Interest Rates Raised for the Second Time in Three Months.
The Bank of England has raised interest rates for the second time in three months to try to curb a rapid rise in the cost of living. The increase to 0.5% from 0.25% came as the Bank said inflation was on course to hit a 30-year high.
Prices are expected to climb faster than pay, putting the biggest squeeze on household finances in decades.
It comes as the chancellor unveiled a support package to help households cope with a 54% jump in energy bills.
Bank policymakers warned that rising gas and electricity costs would keep pushing up prices across the economy.
Inflation, as measured by the consumer prices index (CPI) is expected to peak at 7.25% in April, and average close to 6% in 2022. This is well above the Bank’s 2% target and would be the fastest price growth since 1991.
Policymakers also said there were increasing signs of broader price pressures across the economy. Prices of household appliances such as fridges had climbed almost 10% over the past year. Goods shortages also meant retailers were offering fewer bargains in the January sales compared with previous years.
The Bank said food prices and rents were also likely to creep up in the short term.
Policymakers said there had been a “material pick-up in pay settlements” this year, with the average worker enjoying a 5% pay rise, according to a Bank survey. However, pay increases are not expected to keep pace with inflation.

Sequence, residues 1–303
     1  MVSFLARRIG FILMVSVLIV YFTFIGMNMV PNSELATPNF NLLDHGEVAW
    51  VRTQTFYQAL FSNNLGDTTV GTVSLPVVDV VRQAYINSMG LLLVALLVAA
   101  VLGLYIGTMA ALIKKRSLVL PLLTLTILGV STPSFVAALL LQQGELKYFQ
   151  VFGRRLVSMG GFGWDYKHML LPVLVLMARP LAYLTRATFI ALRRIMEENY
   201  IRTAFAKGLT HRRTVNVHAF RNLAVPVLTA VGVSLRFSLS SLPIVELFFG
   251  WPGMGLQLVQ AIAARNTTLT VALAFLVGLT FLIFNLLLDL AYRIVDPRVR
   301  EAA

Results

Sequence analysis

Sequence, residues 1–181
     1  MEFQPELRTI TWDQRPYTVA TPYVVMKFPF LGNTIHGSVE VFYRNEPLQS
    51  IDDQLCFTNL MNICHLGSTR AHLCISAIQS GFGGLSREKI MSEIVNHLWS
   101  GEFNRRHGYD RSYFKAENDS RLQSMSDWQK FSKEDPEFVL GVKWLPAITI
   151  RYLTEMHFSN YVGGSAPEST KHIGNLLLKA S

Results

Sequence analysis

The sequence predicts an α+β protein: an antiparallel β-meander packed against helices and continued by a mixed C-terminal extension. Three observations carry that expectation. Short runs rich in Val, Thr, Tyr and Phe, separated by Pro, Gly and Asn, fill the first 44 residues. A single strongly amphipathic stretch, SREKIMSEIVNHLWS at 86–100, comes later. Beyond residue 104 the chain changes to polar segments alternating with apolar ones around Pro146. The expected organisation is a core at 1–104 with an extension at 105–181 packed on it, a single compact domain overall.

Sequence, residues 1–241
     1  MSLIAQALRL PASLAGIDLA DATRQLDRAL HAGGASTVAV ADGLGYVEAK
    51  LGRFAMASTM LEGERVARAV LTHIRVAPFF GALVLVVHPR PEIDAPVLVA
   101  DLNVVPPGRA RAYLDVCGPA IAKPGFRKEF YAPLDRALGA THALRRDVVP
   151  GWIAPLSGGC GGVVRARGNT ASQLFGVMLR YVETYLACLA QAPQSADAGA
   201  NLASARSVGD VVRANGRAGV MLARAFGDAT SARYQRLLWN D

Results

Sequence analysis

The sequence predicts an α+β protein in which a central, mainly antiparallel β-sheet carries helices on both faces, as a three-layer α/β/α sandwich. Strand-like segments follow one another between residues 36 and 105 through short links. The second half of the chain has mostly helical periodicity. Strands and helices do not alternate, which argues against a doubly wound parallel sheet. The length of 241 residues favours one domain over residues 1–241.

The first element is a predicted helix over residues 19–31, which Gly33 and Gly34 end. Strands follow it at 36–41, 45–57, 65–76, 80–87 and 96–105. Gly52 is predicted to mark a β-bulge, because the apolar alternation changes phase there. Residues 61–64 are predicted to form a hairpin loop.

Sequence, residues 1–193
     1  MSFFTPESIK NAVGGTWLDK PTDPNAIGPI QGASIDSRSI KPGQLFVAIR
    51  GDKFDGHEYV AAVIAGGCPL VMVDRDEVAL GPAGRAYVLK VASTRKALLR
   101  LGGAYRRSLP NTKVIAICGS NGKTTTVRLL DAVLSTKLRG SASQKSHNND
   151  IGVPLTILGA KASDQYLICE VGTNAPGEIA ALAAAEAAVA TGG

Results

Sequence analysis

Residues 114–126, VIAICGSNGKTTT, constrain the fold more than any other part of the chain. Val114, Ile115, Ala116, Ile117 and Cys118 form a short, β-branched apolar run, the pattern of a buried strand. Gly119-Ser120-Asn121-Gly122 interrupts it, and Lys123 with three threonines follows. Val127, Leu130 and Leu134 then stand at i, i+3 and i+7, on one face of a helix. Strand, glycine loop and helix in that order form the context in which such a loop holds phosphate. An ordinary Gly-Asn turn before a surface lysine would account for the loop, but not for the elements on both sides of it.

The Bank’s latest Monetary Policy Report predicted post-tax incomes would fall 2% this year, after taking into account the rising cost of living. This represents the biggest fall in take-home pay since records began in 1990.
Nevertheless, “acute” staff shortages in sectors such as hospitality, engineering, construction, and IT meant many employers were offering staff “ad-hoc” bonuses to keep them.
The pandemic meant other workers had retired early, stayed in education or cut down their hours for a better work-life balance. The Bank said this had created other labour shortages that could take “many years to be resolved”.
The rapid rise in prices led some members of the Bank’s Monetary Policy Committee (MPC) to call for a bigger rate rise. Four of the nine members voted to increase rates to 0.75% to ward off fears that price rises could become more sustained. The MPC voted unanimously to end new purchases as part of its £895bn bond-buying program to support the economy.